So Hathak went out to Mordecai in the open square of the city in front of the king’s gate. Mordecai told him everything that had happened to him, including the exact amount of money Haman had promised to pay into the royal treasury for the destruction of the Jews. He also gave him a copy of the text of the edict for their annihilation, which had been published in Susa, to show to Esther and explain it to her, and he told him to instruct her to go into the king’s presence to beg for mercy and plead with him for her people.
Hathak went back and reported to Esther what Mordecai had said. 10 Then she instructed him to say to Mordecai, 11 “All the king’s officials and the people of the royal provinces know that for any man or woman who approaches the king in the inner court without being summoned the king has but one law: that they be put to death unless the king extends the gold scepter to them and spares their lives. But thirty days have passed since I was called to go to the king.”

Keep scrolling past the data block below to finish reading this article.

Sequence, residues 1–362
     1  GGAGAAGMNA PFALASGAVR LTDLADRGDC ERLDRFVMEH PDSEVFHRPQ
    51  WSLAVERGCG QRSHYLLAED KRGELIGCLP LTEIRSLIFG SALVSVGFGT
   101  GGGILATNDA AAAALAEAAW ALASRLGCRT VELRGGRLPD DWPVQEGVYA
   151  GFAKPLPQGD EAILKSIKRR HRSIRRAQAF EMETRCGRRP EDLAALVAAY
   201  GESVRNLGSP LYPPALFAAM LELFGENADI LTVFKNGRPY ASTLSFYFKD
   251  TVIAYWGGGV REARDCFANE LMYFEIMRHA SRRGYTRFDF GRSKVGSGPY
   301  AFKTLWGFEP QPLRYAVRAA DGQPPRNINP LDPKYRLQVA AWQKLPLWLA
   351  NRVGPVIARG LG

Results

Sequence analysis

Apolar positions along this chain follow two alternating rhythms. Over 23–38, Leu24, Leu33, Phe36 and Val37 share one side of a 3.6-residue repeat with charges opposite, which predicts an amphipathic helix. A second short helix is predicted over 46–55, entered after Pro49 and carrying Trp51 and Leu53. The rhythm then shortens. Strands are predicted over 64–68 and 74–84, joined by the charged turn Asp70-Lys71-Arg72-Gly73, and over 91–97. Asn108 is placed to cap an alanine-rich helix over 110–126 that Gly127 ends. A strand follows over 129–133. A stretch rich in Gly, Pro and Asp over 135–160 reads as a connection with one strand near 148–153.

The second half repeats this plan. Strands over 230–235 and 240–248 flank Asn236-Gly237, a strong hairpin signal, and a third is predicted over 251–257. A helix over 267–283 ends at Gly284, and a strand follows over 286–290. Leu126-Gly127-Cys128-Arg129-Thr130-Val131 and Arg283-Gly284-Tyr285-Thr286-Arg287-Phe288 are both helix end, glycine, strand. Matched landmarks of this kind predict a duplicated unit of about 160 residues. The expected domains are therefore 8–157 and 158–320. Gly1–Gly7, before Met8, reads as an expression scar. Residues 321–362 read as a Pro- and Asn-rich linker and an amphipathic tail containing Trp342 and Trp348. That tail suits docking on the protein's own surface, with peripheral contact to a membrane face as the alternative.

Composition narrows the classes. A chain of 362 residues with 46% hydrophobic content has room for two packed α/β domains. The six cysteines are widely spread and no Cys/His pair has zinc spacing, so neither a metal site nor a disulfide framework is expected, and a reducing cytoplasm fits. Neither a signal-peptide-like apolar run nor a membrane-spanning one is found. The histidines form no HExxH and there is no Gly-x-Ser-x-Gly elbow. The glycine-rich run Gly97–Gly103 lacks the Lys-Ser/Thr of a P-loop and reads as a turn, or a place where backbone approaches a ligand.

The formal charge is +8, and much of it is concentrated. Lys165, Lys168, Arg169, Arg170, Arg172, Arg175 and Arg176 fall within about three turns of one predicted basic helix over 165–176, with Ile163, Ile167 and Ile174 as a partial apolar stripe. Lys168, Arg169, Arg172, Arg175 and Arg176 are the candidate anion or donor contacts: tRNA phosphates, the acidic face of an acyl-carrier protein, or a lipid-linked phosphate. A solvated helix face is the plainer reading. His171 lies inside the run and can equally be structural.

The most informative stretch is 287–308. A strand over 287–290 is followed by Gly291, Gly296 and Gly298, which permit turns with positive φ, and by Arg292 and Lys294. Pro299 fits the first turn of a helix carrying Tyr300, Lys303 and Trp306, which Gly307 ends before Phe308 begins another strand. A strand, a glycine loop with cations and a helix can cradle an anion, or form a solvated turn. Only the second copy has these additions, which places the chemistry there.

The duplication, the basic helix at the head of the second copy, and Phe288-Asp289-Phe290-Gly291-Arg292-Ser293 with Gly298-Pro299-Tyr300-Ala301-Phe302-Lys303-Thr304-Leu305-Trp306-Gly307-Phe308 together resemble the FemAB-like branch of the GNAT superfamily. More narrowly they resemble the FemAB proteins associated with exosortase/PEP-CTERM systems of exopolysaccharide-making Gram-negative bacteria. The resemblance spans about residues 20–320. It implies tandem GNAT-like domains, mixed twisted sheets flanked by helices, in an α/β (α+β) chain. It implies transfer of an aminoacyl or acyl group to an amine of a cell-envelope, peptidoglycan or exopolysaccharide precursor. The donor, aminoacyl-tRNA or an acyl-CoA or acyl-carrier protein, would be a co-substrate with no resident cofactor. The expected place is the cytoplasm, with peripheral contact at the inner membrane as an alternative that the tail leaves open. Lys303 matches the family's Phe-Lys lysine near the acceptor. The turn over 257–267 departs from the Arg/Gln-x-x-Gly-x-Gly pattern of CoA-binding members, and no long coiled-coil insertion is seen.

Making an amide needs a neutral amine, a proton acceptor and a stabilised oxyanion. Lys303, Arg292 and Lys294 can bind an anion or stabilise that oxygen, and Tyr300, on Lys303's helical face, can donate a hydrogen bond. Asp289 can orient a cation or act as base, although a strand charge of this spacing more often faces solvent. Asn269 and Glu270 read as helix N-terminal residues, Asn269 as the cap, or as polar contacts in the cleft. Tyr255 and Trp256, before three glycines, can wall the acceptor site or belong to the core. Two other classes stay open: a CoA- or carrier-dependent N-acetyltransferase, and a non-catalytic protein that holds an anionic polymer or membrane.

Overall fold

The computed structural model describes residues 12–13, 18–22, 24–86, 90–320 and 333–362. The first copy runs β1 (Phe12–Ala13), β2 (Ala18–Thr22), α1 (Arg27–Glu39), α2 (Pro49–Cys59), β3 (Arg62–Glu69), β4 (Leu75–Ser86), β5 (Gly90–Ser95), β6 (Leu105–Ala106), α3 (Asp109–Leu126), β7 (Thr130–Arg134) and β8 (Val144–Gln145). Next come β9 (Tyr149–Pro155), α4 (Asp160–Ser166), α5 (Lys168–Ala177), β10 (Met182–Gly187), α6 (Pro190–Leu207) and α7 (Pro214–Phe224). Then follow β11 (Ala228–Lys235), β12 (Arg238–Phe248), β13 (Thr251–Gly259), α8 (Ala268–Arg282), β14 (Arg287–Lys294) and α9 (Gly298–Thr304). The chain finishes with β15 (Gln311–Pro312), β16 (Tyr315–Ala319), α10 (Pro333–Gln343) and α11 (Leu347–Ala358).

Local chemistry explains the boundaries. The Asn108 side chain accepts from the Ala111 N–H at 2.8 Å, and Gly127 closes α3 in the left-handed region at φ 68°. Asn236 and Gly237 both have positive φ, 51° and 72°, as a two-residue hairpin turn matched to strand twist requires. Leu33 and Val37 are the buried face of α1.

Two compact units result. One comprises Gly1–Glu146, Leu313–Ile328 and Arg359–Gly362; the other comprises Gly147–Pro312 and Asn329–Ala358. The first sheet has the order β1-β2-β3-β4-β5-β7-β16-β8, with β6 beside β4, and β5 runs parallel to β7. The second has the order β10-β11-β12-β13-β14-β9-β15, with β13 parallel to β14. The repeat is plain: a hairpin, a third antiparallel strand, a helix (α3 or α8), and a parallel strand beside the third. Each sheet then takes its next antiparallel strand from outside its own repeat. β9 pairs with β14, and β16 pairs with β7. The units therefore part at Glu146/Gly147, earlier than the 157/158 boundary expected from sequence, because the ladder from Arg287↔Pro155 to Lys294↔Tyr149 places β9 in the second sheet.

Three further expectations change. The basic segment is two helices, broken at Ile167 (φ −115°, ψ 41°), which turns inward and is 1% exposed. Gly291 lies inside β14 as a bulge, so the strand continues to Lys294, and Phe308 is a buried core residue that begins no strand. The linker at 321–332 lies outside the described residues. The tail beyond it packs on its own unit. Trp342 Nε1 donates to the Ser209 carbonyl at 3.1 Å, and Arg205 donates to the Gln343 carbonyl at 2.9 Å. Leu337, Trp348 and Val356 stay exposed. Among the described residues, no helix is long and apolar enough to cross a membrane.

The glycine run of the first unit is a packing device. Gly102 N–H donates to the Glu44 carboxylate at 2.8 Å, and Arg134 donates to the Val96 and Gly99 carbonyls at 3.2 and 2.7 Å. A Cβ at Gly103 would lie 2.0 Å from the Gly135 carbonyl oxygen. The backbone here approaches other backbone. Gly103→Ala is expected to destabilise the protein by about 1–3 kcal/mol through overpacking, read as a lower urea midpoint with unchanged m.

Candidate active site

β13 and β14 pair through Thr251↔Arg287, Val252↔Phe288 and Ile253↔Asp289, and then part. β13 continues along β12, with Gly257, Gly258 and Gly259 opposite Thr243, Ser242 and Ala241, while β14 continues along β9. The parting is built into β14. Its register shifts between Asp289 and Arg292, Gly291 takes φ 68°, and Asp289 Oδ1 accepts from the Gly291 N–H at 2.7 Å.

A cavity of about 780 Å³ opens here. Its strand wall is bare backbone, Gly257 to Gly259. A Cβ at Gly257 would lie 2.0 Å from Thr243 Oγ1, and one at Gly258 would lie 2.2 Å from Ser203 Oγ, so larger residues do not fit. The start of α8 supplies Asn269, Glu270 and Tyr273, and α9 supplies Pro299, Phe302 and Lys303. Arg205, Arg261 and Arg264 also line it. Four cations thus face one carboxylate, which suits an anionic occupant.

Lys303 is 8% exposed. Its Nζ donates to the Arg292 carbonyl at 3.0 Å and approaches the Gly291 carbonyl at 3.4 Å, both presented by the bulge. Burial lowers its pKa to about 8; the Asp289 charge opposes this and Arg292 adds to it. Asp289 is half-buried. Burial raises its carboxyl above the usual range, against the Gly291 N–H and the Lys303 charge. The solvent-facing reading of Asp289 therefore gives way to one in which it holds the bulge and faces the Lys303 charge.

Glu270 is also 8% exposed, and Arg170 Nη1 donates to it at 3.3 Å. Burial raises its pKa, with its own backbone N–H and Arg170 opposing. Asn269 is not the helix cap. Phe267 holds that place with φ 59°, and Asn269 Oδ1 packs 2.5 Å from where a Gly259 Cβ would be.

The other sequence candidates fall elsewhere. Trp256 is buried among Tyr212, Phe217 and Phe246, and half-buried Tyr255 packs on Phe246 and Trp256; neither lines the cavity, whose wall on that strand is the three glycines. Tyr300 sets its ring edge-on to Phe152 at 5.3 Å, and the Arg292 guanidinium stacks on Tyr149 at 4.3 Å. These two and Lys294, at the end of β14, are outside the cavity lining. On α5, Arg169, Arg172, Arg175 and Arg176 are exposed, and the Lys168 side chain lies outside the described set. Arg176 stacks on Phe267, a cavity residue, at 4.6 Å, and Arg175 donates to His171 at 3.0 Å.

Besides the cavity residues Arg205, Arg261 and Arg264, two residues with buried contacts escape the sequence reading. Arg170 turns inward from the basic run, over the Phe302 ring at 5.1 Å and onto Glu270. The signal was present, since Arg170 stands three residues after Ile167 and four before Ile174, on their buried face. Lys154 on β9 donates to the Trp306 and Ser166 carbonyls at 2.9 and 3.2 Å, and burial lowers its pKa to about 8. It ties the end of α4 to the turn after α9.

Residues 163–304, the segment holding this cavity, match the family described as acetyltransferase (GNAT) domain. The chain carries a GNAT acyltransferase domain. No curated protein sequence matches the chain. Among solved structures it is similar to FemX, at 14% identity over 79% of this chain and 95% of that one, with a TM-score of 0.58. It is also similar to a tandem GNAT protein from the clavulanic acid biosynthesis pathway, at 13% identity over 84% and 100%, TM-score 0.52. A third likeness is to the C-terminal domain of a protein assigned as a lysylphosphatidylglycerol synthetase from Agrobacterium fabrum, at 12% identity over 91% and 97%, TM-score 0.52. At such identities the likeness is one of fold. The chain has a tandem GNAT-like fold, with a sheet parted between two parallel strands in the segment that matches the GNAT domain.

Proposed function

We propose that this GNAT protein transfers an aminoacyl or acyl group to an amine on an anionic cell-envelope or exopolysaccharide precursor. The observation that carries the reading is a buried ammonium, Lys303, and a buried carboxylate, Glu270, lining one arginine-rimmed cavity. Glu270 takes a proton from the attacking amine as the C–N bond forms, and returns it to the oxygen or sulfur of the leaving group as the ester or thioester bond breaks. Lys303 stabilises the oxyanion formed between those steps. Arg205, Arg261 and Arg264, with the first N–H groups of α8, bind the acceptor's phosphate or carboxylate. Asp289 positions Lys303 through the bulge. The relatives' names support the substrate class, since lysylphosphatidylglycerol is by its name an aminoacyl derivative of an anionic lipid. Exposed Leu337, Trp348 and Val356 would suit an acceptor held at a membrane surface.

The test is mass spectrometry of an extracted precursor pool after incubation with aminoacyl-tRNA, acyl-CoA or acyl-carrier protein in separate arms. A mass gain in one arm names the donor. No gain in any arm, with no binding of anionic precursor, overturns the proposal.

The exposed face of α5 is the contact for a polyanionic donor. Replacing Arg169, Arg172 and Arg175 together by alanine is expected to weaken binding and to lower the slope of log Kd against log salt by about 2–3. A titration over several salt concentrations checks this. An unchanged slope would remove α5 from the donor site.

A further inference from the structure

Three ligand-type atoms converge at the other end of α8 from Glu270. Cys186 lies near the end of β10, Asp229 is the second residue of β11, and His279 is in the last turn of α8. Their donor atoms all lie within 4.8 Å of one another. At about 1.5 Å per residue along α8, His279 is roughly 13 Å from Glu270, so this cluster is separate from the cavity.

12 When Esther’s words were reported to Mordecai, 13 he sent back this answer: “Do not think that because you are in the king’s house you alone of all the Jews will escape. 14 For if you remain silent at this time, relief and deliverance for the Jews will arise from another place, but you and your father’s family will perish. And who knows but that you have come to your royal position for such a time as this?”
15 Then Esther sent this reply to Mordecai: 16 “Go, gather together all the Jews who are in Susa, and fast for me. Do not eat or drink for three days, night or day. I and my attendants will fast as you do. When this is done, I will go to the king, even though it is against the law. And if I perish, I perish.”
17 So Mordecai went away and carried out all of Esther’s instructions.